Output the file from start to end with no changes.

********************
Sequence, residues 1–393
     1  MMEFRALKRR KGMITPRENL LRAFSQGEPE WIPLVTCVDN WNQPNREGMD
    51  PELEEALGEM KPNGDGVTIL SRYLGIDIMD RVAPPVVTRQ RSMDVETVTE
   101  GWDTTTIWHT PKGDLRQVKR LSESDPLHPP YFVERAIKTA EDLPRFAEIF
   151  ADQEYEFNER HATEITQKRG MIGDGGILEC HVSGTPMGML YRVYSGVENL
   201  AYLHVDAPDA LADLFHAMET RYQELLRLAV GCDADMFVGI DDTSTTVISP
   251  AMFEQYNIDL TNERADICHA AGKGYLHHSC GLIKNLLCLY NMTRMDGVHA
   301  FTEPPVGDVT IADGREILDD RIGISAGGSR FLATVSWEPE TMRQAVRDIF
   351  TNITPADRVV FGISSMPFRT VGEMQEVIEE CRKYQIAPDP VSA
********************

Sequence, residues 1–393
     1  MMEFRALKRR KGMITPRENL LRAFSQGEPE WIPLVTCVDN WNQPNREGMD
    51  PELEEALGEM KPNGDGVTIL SRYLGIDIMD RVAPPVVTRQ RSMDVETVTE
   101  GWDTTTIWHT PKGDLRQVKR LSESDPLHPP YFVERAIKTA EDLPRFAEIF
   151  ADQEYEFNER HATEITQKRG MIGDGGILEC HVSGTPMGML YRVYSGVENL
   201  AYLHVDAPDA LADLFHAMET RYQELLRLAV GCDADMFVGI DDTSTTVISP
   251  AMFEQYNIDL TNERADICHA AGKGYLHHSC GLIKNLLCLY NMTRMDGVHA
   301  FTEPPVGDVT IADGREILDD RIGISAGGSR FLATVSWEPE TMRQAVRDIF
   351  TNITPADRVV FGISSMPFRT VGEMQEVIEE CRKYQIAPDP VSA